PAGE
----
Consumer Report/Background Check
Anyone know what source they use to verify your credit/job history? Do they just rely on a general consumer report agency similar to what they do when you get a Mortgage or do they actually pull your IRS history etc? Just asking because one of my previous jobs was not a w-2 job and I know my current job shows up as me starting in 2005 on my Credit Report which is definately wrong and differs from what I put on my Resume…Just nervous I guess of sending up compliance flags for differing start/end dates on past jobs as I know my criminal history is good and I have no high collections (one minor one for $222)
I’m going through this now. They will call to ask if the dates seem right, if they can’t get ahold of people they ask for a w2… and this job wasn’t a w2 job either.
…apparently they also check your minor arrest record too, all the way to 15, that has no court record
You can ask for a free credit report once per year from the credit reporting agencies. Just say that you applied or a job or for credit, and they have to give you a free report. Then you should write to them to correct any errors. Do it now, before the incorrect info causes unexpected problem later.
<p =“Msonormal”>Most people perform a free background check people
investigation to protect their family, friends, employees, finances,
and business. Knowing what the risks are puts you more than half way to
preventing anything bad from happening. A complete free background search people investigation can help you take the steps needed to lower the risks and protect the people and things you care about most.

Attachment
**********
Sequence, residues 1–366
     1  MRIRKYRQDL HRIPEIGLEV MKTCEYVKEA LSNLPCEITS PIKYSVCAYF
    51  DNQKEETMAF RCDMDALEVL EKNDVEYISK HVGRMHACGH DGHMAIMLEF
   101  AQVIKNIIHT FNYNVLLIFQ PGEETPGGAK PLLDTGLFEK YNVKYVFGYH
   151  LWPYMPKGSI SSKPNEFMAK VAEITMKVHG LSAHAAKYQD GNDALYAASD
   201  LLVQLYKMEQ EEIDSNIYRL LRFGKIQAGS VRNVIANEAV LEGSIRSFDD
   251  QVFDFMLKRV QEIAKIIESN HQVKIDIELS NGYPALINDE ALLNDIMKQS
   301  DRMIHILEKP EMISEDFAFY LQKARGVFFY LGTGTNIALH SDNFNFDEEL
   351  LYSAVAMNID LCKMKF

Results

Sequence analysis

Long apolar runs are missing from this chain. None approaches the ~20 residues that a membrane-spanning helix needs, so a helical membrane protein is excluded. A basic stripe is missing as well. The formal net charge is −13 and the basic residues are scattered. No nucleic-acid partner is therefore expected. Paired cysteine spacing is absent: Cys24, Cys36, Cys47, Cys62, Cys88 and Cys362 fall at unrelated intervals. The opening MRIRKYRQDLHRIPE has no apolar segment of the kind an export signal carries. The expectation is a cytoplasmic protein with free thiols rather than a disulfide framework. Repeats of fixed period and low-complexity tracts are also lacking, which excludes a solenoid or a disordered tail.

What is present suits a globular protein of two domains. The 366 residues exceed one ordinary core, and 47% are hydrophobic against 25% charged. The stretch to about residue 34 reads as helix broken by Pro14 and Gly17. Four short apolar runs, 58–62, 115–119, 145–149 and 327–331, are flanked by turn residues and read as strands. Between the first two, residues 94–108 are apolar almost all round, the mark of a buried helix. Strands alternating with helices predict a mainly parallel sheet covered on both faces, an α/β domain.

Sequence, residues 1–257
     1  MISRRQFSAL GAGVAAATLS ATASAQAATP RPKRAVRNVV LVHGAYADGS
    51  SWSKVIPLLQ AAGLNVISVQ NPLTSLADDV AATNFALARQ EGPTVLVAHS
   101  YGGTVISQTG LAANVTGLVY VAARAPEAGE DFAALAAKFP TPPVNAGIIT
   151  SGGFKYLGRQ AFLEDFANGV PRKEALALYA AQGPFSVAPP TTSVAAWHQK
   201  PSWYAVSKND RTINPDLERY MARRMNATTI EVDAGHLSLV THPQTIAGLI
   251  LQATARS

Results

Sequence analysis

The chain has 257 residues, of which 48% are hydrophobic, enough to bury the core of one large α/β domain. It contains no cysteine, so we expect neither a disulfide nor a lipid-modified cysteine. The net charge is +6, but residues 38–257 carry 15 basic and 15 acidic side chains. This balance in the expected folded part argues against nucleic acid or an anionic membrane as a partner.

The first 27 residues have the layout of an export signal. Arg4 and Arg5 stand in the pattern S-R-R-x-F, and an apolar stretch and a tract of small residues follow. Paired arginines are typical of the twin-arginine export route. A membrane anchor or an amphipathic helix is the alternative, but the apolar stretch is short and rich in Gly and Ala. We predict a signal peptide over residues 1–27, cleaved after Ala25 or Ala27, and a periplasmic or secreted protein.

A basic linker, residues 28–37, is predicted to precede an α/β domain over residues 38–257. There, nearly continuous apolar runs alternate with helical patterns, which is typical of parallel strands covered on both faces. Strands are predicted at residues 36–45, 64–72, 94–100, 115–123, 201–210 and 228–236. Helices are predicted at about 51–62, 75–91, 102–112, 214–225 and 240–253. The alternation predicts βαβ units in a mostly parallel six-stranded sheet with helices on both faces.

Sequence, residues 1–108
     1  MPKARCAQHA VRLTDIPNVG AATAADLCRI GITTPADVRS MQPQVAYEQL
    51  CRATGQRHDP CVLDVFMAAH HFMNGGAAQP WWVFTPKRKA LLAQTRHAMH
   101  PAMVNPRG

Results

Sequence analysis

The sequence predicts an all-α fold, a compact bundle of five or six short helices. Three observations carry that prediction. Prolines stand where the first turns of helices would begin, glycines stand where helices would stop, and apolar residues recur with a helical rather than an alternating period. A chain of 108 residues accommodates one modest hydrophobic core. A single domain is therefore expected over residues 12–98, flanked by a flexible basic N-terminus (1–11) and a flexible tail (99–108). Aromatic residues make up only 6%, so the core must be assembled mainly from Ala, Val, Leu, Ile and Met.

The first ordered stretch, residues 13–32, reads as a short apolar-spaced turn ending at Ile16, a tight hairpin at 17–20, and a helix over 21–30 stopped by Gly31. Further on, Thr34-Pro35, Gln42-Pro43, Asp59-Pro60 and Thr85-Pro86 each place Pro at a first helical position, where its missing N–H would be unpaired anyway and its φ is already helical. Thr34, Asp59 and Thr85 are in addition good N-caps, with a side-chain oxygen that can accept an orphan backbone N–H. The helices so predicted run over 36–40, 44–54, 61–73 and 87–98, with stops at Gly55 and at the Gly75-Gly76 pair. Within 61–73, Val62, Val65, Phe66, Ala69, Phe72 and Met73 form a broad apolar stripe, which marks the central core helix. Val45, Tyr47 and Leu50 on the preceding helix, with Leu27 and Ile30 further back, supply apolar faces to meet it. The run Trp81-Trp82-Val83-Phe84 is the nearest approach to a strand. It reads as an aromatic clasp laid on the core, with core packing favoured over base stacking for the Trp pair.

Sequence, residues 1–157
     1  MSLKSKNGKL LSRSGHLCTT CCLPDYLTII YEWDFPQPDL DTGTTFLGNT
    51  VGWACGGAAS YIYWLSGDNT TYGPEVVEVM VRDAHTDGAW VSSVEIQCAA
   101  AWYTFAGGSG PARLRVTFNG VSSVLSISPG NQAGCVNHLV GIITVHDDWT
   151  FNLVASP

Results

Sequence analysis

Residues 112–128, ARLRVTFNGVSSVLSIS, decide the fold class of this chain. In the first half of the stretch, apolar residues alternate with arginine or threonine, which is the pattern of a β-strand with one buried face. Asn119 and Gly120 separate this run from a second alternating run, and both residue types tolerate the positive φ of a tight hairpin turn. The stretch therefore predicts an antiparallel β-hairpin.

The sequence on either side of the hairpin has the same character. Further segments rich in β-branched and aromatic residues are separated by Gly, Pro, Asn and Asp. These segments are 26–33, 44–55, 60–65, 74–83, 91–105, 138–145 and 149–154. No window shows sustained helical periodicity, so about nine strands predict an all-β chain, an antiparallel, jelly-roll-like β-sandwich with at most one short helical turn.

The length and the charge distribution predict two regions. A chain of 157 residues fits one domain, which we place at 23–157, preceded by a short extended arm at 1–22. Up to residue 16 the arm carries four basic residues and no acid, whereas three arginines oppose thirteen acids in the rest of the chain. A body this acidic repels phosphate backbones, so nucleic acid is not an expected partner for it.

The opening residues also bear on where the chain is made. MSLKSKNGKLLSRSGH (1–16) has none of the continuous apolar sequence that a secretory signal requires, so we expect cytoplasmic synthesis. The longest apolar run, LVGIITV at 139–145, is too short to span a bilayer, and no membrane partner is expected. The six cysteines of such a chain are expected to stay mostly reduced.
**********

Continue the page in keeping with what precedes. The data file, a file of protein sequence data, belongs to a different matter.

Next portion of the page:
I just went through that process. My credit was checked through Transunion and they did a background check through the state police.
FBI Fingerprint Check—FBI fingerprint checks are conducted for many
applications. The FBI fingerprint check provides information relating
to criminal background within the United States. Generally, the FBI
forwards responses to USCIS within 24-48 hours. If there is a record
match, the FBI forwards an electronic copy of the criminal history (RAP
sheet) to USCIS. At that point, a USCIS adjudicator reviews the
information to determine what effect it may have on eligibility for the
benefit. Although the vast majority of inquiries yield no record or
match, about 10 percent do uncover criminal history (including
immigration violations). In cases involving arrests or charges without
disposition, USCIS requires the applicant to provide court certified
evidence of the disposition. Customers with prior arrests should
provide complete information and certified disposition records at the
time of filing to avoid adjudication delays or denial resulting from
misrepresentation about criminal history. Even expunged or vacated
convictions must be reported for immigration purposes.